His mind blurred through the entire lecture, a buzz of nothing sounds he’d come to recognize as aura. His former classmates weren’t as expressive as his current nestmates, but their feelings were so strong and so unanimous–besides, he’d have known what they were thinking even without his newfound ability to read aura. He was an outcast.

But the buzz grew to bland background as the days went on, and though it was still distracting, it wasn’t nearly as bad as his disquiet in grade school had been. Then he’d be fighting overactive magic without knowing it. Now, he was just trying to catch up on a year out of school.

His notes were a mess. Out of practice, unable to focus, chittering gossip scratching at his skull. Thank the gods for the testing center. It was blissfully empty at 7 in the morning.

In the still, in the quiet, his mind emptied. He waited for clarity, but nothing came. No memories of lecture, no professor’s voice, no examples from class. His eyes glazed as he stared at the first question, but he took a deep breath and tried again.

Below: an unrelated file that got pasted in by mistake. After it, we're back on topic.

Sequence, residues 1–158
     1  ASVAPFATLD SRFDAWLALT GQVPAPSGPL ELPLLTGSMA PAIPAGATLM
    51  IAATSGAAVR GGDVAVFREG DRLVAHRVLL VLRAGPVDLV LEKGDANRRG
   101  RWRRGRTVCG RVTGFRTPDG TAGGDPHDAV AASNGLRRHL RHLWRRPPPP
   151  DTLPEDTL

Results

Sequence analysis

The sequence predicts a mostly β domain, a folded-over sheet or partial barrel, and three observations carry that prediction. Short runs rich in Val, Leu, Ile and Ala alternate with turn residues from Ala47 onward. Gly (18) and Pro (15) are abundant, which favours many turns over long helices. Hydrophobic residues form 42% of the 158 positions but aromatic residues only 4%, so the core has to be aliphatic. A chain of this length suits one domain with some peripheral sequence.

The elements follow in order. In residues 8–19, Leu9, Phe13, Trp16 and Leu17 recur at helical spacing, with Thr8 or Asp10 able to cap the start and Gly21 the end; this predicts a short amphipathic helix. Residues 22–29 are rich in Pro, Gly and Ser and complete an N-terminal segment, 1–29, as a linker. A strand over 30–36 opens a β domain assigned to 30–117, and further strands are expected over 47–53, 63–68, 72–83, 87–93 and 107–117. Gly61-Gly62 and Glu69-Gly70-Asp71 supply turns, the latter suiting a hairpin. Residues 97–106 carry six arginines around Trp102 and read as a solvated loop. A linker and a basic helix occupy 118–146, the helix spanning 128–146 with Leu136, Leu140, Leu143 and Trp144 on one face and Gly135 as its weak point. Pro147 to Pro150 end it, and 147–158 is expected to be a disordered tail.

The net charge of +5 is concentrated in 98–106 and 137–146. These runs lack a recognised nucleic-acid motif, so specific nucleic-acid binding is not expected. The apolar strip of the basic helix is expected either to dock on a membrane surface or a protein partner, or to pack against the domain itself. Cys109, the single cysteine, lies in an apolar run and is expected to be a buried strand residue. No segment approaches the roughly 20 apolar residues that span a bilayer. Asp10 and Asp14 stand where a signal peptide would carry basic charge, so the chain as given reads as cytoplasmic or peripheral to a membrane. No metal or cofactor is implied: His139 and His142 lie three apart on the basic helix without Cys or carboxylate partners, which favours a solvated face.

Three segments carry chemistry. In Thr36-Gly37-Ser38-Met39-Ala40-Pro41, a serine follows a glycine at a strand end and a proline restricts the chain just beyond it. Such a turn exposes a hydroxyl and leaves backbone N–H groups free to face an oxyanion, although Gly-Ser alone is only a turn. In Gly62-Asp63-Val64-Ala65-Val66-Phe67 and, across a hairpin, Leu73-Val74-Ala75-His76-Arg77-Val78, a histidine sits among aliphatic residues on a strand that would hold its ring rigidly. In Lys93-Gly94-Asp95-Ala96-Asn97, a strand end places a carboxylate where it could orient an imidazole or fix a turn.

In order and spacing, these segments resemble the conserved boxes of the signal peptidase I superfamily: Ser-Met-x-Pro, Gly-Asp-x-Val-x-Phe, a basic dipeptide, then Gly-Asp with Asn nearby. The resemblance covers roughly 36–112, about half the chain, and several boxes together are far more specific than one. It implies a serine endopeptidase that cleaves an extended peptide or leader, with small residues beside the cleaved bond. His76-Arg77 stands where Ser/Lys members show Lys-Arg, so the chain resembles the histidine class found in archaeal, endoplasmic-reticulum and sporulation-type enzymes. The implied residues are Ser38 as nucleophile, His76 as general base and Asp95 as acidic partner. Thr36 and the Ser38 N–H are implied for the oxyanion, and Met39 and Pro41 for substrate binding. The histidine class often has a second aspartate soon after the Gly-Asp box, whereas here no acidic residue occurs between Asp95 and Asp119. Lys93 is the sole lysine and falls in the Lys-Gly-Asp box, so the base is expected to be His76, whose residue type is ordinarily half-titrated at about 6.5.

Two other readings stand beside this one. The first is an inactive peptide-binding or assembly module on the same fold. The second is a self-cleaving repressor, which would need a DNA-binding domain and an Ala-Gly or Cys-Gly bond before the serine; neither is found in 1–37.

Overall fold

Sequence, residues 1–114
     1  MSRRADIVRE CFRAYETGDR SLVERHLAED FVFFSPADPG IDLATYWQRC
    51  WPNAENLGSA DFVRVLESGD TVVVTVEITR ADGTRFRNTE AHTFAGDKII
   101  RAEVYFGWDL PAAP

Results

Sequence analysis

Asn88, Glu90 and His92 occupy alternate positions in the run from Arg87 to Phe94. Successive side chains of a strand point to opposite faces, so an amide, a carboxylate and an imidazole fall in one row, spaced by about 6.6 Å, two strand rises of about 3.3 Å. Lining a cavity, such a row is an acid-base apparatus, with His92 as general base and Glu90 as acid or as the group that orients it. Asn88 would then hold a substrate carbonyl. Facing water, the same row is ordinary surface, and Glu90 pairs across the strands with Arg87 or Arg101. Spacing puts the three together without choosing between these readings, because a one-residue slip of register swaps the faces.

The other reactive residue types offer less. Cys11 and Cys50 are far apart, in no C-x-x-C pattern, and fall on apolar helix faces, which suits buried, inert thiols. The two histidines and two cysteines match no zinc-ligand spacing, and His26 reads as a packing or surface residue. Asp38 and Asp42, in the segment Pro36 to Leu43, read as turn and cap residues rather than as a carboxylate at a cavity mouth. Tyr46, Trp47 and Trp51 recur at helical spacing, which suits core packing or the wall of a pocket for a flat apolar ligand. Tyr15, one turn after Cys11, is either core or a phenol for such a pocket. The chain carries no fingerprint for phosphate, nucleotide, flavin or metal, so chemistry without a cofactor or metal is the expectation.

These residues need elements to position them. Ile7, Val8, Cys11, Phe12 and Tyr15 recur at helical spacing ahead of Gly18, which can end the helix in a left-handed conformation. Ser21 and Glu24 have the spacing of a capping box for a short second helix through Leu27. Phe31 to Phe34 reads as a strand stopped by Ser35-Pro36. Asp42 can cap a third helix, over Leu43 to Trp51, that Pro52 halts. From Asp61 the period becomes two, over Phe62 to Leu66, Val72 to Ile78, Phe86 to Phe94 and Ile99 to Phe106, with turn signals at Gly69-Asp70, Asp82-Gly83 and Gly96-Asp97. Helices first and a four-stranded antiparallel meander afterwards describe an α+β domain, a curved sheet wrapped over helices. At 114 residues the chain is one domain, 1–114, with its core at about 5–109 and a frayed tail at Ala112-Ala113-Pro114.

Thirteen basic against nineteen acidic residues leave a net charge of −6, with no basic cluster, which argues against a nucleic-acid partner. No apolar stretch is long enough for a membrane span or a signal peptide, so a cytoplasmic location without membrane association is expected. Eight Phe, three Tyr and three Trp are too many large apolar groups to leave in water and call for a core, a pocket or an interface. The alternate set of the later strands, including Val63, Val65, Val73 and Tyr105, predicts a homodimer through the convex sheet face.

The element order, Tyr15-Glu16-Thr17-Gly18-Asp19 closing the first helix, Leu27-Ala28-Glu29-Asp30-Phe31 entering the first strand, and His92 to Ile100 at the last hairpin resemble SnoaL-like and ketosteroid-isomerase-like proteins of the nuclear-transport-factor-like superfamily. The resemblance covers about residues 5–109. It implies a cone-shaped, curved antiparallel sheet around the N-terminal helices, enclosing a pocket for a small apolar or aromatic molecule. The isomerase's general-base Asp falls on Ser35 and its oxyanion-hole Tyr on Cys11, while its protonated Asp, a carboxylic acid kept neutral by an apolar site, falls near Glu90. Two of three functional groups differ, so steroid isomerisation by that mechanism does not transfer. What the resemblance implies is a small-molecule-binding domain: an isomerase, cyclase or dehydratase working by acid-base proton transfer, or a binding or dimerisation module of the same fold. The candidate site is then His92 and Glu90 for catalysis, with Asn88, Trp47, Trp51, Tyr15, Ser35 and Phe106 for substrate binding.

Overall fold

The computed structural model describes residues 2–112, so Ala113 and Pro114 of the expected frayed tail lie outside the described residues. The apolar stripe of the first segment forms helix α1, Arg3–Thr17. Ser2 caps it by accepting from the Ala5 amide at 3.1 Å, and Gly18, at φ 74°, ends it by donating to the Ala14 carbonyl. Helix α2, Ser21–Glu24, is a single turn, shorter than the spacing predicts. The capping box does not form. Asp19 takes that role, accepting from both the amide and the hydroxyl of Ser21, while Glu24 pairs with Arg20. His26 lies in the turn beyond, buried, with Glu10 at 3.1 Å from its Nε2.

Name three characteristics of a monocot. Parallel leaf veins, scattered vascular bundles, single cotyledon–hence monocot. Easy. He didn’t need any recent memory for this. He’d been studying at this level in high school.

Was he under doing it? The questions were simple, elemental, was he missing something? Yes, it was an entry level class, but wasn’t college supposed to be hard? Kain had told him to go into this with an open mind, but his aura hadn’t quite matched his words. Now, Ruth was wondering if this was what he meant.

This was pointless. No, that was rude– but it was. 30 minutes and he was done, and honestly already wanted to take his final. He could test out of this class in no time, and maybe move on to something more relevant.

Did he really want his certification? Did he really care if was allowed to operate in witch society ever again? He stood to make a lot of money– but did he? Fur-fucker. Animal sympathizer. Why was it the latter bothered him more?

No one would vet him. He knew that, had known that last year when he moved into the nest with Kate. He could do this the hard way, taking years upon years of schooling to become an inspector himself– but did he really care?

He turned in his bubble sheet, utterly unsurprised at the full marks that came up on the screen. He walked out into the blossoming sunrise in a daze, wondering where to go next.